Most, if not all of the people on the ground were Homeless Network operatives. Sherlock Holmes needed to die. In order for him to do so convincingly, the absolute least amount of people needed to know that his death was a fraud. Having a mass of people on the ground in a public place that would assist in his ploy is counterproductive. Also, while Sherlock trusts the Network to bring him information, there is no evidence nor reason to believe that he would trust them with his own secrets. He gives them money for information, so he knows how easily they can be bought. It’s along the same logic as to why Mycroft doesn’t trust his own Secret Service: They all spy on people for money.

He landed in a laundry cart or something similar. Basically, a laundry cart is too small a target. Had he attempted to drop into one from four floors up, he ran a serious risk of hitting it wrong and breaking his neck, which could have actually killed him. There’s also the chance that he would have missed in entirely and hit the concrete anyway. Anything that would have been feasible to cushion his fall would have been too big to hide. Another variation of this is that he jumped into the laundry truck itself, but considering the fact that he basically dropped from the ledge rather than leapt from it, physics deems that impossible.

The Homeless Network helped stage the blood. Okay, so I think now is as good a time as any to point out that we, the audience, saw Sherlock hit the ground. We even heard him do so, via a very satisfying bone-smacking-into-concrete sound effect that had to be added by the sound editors. I point this out because of the blood that we see on Sherlock. Whether the operatives would have had time or not, I don’t know, but I’m not convinced that they would have the knowledge or attention to detail to add the blood coming from his left ear. Sherlock hit his right temple on the concrete, but blood was pouring from his left ear. This was a result of the impact shock travelling through his brain, possibly bursting his left ear drum.

The Homeless Network was charged with keeping John from examining Sherlock. Aside from all that I have said, there is a much more reasonable explanation as to why no one was letting John near Sherlock: John was in shock. He’d just watched as his best friend jumped to his seeming death, not to mention getting slammed by a bloke on a bicycle. He was in no condition to do anything for Sherlock, alive or dead, and it was blatantly obvious.

The cyclist was part of the ploy. This falls apart under the same speculation as the entire Homeless Network theory. The list of people Sherlock could have and would have trusted to retain his secret is very short, and not a single one of those people was on that bicycle. It is more likely that the cyclist running into John was used more to reflect John’s state of mind at the moment rather than being part of some over-arching conspiracy.

Poor John…

Ah, and to the crux of it all. The main problem with almost all of the Sherlock Survival Theories I have seen, the one I have described included, is the assumption that the only person who had to be convinced of Sherlock’s death is Dr Watson. Sadly, that wasn’t the case at all. There was a sniper trained on John, an assassin doing construction work for Mrs Hudson, and another sitting right outside Lestrade’s office at Scotland Yard. The person, or more likely people who had to be convinced of Sherlock’s death were those in Moriarty’s employ. He was dead; he couldn’t call them off. The only thing that would is if Sherlock jumped to his death.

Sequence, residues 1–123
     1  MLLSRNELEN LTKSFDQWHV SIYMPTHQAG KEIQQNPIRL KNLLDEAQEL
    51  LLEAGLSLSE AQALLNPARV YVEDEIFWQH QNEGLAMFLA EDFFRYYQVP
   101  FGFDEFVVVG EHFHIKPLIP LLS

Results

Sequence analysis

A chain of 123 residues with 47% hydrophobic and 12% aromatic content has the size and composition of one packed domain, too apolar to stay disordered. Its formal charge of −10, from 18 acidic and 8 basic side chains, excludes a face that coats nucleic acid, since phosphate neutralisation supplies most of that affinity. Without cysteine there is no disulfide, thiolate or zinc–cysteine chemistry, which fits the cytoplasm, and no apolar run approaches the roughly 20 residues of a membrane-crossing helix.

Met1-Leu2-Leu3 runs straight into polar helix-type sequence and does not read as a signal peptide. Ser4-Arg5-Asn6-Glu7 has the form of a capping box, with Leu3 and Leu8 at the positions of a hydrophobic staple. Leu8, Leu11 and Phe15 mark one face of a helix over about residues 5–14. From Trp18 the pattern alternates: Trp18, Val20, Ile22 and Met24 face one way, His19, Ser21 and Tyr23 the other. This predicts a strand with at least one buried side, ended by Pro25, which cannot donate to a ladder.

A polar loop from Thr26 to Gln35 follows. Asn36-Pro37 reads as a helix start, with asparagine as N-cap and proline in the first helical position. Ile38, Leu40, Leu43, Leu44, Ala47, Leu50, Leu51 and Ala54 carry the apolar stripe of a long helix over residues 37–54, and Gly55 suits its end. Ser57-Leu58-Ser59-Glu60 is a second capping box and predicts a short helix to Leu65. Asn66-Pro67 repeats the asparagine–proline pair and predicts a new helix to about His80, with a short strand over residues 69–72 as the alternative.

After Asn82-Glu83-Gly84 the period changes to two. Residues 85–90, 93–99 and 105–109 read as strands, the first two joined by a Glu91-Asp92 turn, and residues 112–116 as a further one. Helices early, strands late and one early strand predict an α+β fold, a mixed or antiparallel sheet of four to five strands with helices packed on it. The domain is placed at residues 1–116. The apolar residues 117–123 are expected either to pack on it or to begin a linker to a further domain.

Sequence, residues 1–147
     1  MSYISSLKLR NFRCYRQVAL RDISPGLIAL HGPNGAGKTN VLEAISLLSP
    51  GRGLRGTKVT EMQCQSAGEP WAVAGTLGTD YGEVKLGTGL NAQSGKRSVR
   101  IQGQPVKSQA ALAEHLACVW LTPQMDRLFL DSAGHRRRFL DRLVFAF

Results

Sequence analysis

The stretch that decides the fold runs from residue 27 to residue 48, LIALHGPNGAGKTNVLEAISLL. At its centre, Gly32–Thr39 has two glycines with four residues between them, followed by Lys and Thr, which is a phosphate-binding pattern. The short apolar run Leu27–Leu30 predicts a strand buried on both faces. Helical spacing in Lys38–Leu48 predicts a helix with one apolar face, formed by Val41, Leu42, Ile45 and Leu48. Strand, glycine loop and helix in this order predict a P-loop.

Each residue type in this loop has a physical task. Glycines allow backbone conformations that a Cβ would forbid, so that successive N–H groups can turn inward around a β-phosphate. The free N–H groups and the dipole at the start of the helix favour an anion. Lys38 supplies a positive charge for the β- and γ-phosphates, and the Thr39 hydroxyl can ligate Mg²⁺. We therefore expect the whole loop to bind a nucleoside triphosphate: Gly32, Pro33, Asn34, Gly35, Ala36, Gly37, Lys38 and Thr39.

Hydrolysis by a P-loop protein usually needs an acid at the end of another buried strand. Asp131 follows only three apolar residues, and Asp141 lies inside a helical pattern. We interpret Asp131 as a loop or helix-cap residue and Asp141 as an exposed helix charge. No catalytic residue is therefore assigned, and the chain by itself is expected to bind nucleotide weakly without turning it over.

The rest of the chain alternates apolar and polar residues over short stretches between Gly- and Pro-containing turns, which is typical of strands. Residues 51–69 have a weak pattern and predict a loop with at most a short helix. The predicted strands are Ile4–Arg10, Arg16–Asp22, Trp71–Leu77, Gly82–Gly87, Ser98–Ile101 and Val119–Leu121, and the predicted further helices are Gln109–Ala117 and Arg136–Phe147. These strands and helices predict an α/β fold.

Some people might focus on the sniper following John, assuming that he was the eyes for Moriarty. The idea follows the logic (a term I’m using loosely here) that if the sniper sees John broken because Sherlock is supposedly dead, that would be evidence enough to have himself stand down and everyone would be safe. The issue with this is that it also assumes that Jim Moriarty is a bloody moron.

Moriarty became obsessed with discrediting and destroying Sherlock Holmes. He broke into three of the most secure places in England, allowed himself to be put on trial, and then created the false persona of Richard Brook all to accomplish this task. He was meticulous and attentive in all that he did concerning his rival, and the mere idea that he a) had only one person watching and b) would allow the reaction of John over actual visual evidence of a body persuade this person is an insult to his memory. Nor does it fit his character.

I don’t postulate my own theories about how Sherlock survived. I will wait as patiently as possible until The Empty Hearse airs… Autumn, I think. However, I am somewhat enthusiastic about inserting logic into already established theories, especially considering that most of them don’t make sense one you’ve examined them using reason. The examples I used here were chosen because they are among the most commonly discussed, also because they irk me the most, either through their transparent lack of logic or their absolute irrelevance. Perhaps I seem a bit arrogant for postulating this so vehemently?

Let’s just say that I’m channeling my inner Sherlock.


8 thoughts on “Sherlock Survival Theory (BBC’s Sherlock)

  1. I’m so excited to see someone else as excited about Sherlock as me! I am with you on the same boat when it comes to the theories! I try not to speculate too much because I want to be open minded when the season starts, not dissapointed!!

  2. The cyclist that ran into John hit him where he was shot, triggering the traumatic “war” re-experience. That scene doesn’t have a “Saving Private Ryan” feel for nothing.

  3. I always thought Sherlock carried on using his blackberry on and off in series 2, and wondered if the phone he used to call John could have been mortarys hence allowing him to copy in the other assassins, and declare himself a fraud, also explaining why he threw it back onton moraines body at the end of the conversation.

  4. The thing out of character that Sherlock did was phone John instead of texting him, as he said to John in the pilot that he prefers to text, could this be a subtle way of Sherlock telling him that his suicide is all a ruse?

    1. Sherlock prefers to text, yes, but it isn’t out of character for him to make a call. Two examples that pop to mind are when he phoned the MOD in “The Great Game,” and in “The Hounds of Baskerville” he rang Mycroft. In the article I touched on why him phoning instead of texting is not out of place for the situation, so I honestly don’t think that’s the elusive out of character thing that Mofftiss was referring to.